Mongolia is the first among nine countries assessed in the Eurasia region

B.Chimeg GoGo.mn

2017-12-06 12:18 GMT+8

 

  • ​Mongolia’s mining sector scores a “satisfactory” 64 of 100 points in global resource governance index
  • Mongolia achieves a good score among Eurasian countries for governance of mining taxation and subnational revenue sharing
  • Erdenes Mongol criticized for failing to disclose adequate financial information
  • Governance of Fiscal Stability Fund ranks 18th among 33 sovereign wealth funds in study

A global index assessing countries’ governance of natural resources has given Mongolia’s mining sector a satisfactory score of 64 out of 100 points, placing it 15th among 89 country-specific sector assessments worldwide, and first among nine countries assessed in the Eurasia region.

The country’s current debt crisis is reflected by the index, which characterizes revenue management in Mongolia as “weak,” mainly because the government has not adhered to fiscal rules.

But the Natural Resource Governance Institute (NRGI), publisher of the 2017 Resource Governance Index, also raises concerns over poor financial disclosure by Erdenes Mongol, the country’s largest state-owned enterprise, and lack of disclosures at Mongolia’s sovereign wealth fund.

Dependence on extractive revenues has exacerbated the impact of falling copper prices on Mongolian government revenues. Commenting on the index findings, Dorjdari Namkhaijantsan, Mongolia manager for NRGI, said: “Although the overall index score is satisfactory, Mongolia’s dependence on mining has meant that we are at the mercy of prices. This has brought the country to the brink of sovereign debt default in the low commodity price environment.

No bailout from the International Monetary Fund will fix this; we must implement policies that account for market volatility. We need to ensure that fiscal rules and the fiscal stabilization fund, the tools that were devised by the government to counter the boom-bust cycles in mining, are actually implemented well and not changed or raided every time the government faces difficulties.”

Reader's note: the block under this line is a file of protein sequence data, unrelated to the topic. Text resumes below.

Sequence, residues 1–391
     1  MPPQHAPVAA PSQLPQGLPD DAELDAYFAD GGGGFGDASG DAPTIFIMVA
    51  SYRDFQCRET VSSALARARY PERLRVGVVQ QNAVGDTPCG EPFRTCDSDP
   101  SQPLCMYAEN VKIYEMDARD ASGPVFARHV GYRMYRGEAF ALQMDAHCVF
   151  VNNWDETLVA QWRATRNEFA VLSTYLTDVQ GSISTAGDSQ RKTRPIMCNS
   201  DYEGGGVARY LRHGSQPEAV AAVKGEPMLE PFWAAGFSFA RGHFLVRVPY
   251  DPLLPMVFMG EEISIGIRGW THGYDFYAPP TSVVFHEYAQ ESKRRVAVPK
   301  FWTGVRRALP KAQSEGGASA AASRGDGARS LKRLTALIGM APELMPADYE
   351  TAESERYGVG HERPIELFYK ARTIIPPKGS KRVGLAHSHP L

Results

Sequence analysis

N Dorjdari

The country’s current debt crisis is reflected by the index, which characterizes revenue management in Mongolia as “weak,” mainly because the government has not adhered to fiscal rules. This weakness stands in contrast with satisfactory scores in many, but not all, areas of Mongolia’s resource governance.

In the index, Mongolia ranks second-best for governance of subnational resource revenue sharing, behind Brazil, due to Mongolia’s transparent sharing rules, and comprehensive disclosures.

Mongolia’s score for indicators measuring laws and regulations is 20 points higher than its score for implementation and enforcement. This gap between law and practice is widest in sovereign wealth fund governance, and is also significant in governance of local social and environmental impacts.

Another area of concern is the management of state-owned enterprises (SOEs). Mongolia lags with a score of 40 of 100 points in SOE governance, ranking seventh among the eight Eurasian state-owned enterprises assessed in the index. Researchers found Erdenes Mongol, Mongolia’s largest state-owned enterprise, lacking in a number of key areas including transparency—the company does not publish its financial reports or disclose key production and sales information.

Mongolia’s sovereign wealth fund, the Fiscal Stability Fund, scores a poor score of 42 of 100 points, ranking 18th among 33 funds accessed as part of the project.

This reflects shortcomings in a number of areas including transparency and parliamentary oversight.

Full results from the Resource Governance Index globally are available on at www.resourcegovernanceindex.org.

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